Survey Shows Lack of Workplace Skills in Young People

A survey* published by the British Chambers of Commerce (BCC) today (Thursday 2 October) shows that 88% of businesses overwhelmingly feel that many young people are not adequately prepared for the workplace. More than 76% believe a lack of work experience is the reason young people are unprepared for work. The BCC’s Workforce Survey suggests that stronger links must be formed between educators and business, to better prepare young people for work. The report confirms that University Technical Colleges are absolutely right in their approach to ensure their students are ‘work-ready’.

Bev Flanagan, Principal of Bucks UTC, comments: “Our young people work with employers, who’ve helped steer our curriculum, from day one. They are aware of what’s expected of them in the workplace as they already have real experience of it. They come to learn, but are dressed for the workplace, we operate business hours – 9-5pm, and we place great emphasis on communication, team-working and presentation skills.

“Many of the students at Bucks UTC have meaningful work placements scheduled this year with our partners. When they leave the UTC, they will have an excellent understanding of their IT or Construction specialism, the career opportunities available, and how to conduct themselves in the workplace environment.”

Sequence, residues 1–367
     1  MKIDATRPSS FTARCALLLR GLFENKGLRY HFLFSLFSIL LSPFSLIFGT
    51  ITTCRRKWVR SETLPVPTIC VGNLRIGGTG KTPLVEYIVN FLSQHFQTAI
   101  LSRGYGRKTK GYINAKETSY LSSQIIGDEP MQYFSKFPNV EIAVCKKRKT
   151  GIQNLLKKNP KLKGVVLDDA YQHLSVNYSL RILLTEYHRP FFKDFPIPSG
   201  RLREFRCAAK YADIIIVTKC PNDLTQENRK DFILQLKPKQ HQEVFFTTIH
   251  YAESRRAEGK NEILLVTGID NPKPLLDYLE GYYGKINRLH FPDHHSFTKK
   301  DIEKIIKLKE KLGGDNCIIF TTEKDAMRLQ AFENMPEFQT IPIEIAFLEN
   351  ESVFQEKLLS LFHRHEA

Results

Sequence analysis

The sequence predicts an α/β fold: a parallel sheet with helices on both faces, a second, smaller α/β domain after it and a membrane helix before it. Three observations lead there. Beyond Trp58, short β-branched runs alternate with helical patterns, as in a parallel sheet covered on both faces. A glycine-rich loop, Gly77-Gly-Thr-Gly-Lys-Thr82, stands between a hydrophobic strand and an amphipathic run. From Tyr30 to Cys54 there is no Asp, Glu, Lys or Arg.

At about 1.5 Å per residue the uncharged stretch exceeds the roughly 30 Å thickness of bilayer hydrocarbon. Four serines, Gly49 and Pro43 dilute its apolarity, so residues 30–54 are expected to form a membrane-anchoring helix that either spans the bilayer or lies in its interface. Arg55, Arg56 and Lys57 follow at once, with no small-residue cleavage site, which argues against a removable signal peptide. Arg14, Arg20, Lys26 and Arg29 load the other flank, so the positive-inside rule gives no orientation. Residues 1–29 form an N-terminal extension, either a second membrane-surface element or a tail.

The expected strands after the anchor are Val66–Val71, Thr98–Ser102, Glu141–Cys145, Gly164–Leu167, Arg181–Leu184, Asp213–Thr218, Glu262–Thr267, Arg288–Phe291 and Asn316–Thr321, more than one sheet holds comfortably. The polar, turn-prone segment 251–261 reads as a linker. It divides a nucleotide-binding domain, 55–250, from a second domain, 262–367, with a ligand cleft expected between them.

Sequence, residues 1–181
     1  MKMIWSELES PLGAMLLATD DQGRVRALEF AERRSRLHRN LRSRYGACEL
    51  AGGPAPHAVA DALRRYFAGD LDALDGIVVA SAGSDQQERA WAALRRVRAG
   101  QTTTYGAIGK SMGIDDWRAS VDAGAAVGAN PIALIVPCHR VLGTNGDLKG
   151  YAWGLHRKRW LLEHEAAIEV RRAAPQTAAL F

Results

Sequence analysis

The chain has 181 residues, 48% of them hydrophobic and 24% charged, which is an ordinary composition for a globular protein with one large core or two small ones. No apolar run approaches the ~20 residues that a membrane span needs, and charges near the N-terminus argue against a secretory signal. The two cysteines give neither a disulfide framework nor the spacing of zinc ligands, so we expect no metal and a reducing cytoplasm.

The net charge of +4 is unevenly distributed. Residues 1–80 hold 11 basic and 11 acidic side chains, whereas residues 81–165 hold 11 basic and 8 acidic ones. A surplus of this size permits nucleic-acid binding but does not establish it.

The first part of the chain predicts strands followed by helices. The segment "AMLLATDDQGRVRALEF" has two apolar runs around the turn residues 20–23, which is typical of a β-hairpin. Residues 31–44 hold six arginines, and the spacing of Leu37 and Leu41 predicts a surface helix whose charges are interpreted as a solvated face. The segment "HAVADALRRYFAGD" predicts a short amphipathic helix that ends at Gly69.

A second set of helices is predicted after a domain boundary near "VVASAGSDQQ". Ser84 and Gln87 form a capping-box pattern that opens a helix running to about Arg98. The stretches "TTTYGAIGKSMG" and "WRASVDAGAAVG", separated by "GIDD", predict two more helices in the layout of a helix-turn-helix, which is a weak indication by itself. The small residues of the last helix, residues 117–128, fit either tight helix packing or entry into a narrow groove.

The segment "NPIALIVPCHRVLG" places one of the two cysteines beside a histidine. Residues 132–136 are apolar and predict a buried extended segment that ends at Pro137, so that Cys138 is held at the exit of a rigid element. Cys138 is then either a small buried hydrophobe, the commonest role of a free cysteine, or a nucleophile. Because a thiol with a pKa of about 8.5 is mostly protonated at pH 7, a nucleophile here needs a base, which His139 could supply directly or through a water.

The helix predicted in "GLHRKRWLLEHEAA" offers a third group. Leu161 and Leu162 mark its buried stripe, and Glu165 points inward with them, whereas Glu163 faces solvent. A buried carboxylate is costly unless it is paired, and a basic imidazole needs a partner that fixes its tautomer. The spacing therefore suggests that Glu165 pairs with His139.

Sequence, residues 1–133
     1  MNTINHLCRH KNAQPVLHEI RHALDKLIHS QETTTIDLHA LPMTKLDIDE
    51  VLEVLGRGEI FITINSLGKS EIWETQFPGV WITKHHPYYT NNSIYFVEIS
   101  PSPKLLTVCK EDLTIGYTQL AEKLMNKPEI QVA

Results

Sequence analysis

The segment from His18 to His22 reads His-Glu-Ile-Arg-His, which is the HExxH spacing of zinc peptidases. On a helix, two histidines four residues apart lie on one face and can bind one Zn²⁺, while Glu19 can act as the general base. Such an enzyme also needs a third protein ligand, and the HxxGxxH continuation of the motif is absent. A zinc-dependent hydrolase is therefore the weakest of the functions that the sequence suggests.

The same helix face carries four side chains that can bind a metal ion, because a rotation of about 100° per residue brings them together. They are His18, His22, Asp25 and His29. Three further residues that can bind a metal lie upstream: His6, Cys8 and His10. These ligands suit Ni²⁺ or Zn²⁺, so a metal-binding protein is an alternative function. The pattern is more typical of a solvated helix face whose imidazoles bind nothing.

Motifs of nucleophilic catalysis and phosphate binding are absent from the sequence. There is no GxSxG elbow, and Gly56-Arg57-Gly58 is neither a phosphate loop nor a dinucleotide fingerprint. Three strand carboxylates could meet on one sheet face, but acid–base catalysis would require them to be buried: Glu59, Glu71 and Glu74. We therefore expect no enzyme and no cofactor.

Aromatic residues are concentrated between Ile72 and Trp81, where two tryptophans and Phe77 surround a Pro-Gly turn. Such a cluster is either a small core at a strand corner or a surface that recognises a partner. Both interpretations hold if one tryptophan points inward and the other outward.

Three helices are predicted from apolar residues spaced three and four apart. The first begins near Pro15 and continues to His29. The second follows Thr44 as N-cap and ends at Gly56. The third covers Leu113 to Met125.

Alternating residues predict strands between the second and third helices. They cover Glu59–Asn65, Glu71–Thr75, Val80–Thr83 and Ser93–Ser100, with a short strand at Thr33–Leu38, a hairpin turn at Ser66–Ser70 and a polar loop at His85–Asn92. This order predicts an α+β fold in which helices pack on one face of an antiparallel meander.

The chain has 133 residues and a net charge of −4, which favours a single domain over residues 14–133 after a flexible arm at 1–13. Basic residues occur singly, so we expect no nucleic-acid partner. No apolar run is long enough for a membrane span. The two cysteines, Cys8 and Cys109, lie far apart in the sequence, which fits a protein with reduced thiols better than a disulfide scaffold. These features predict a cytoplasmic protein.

Commenting, John Longworth, Director General of the British Chambers of Commerce (BCC), said:“This isn’t about pointing the finger at young people – it is a joint responsibility between businesses, the education system and government to provide the right skills and support that young people need to make it in the world of work. It is vital that we proactively build a pipeline of young talent who will go on to become the next generation of business leaders and entrepreneurs, as failure to do so could damage the UK’s future growth prospects and risk a lost generation of young people.”

*Source: British Chambers of Commerce ‘Workforce Survey, Developing the Talents of the Next Generation.’